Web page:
While Tarver and Lilac look for answers on this odd planet–and the hope of rescue grows dim–they also begin to look past their differences and form a nearly unbreakable bond. Maybe rescue isn’t what they want at all anymore. Returning to their old lives could tear them apart, and neither of them is ready for that.

Ready or not, forces are at work that have the power to destroy everything. Tarver and Lilac will face losing their minds, each other, and everything they ever believed about their place in the universe. Will they be able to face what’s coming and stay together? Or will they survive certain disaster only to be torn from each other’s arms?


Some of you are probably wondering if this book is appropriate for middle grade readers, and I’m honestly not sure. Portions of the book are rather intense, given the circumstances the characters find themselves in. There’s also the matter of Tarver and Lilac exploring their physical relationship. There’s nothing gratuitous, but it’s obvious what’s going on. Personally, I think These Broken Stars is fine for readers in eighth grade and up, but I doubt I’d put it in the hands of a sixth or seventh grader. Do with that what you will.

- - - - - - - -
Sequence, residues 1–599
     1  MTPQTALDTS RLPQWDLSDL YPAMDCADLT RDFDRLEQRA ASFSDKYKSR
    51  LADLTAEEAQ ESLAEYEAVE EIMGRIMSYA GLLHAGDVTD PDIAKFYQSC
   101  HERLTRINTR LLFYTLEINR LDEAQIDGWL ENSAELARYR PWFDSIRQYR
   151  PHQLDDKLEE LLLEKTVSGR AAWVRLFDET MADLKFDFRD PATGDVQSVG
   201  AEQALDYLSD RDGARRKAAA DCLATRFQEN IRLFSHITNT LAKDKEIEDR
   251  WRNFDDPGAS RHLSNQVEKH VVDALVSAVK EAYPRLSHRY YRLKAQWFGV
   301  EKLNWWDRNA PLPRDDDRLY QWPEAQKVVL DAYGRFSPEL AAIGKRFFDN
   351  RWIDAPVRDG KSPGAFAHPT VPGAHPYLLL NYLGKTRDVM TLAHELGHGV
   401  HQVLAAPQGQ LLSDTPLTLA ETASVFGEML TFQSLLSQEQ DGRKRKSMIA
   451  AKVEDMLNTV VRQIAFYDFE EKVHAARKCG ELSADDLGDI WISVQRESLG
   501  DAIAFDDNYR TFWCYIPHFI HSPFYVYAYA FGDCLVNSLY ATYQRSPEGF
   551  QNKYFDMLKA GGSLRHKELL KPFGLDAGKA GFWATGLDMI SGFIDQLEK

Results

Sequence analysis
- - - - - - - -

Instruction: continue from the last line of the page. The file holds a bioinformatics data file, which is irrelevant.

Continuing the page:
If you like Beth Revis’ Across the Universe series (Across the Universe, A Million Suns, and Shades of Earth), I think you’ll definitely enjoy These Broken Stars…and probably the rest of the Starbound series.

Speaking of the rest of the series, book two is This Shattered World, and it introduces a new couple. Book three, Their Fractured Light, brings together the characters from books one and two while also giving readers a new duo to root for. There’s also an ebook novella, This Night So Dark, which focuses on Tarver and Lilac and bridges the gap between books one and two. All of these stories are already out, so I don’t have to wait to dive right in. Yay!

For more information on the Starbound series, visit Amie Kaufman’s website or Meagan Spooner’s site. You can also find out how to connect with them on social media on their respective sites.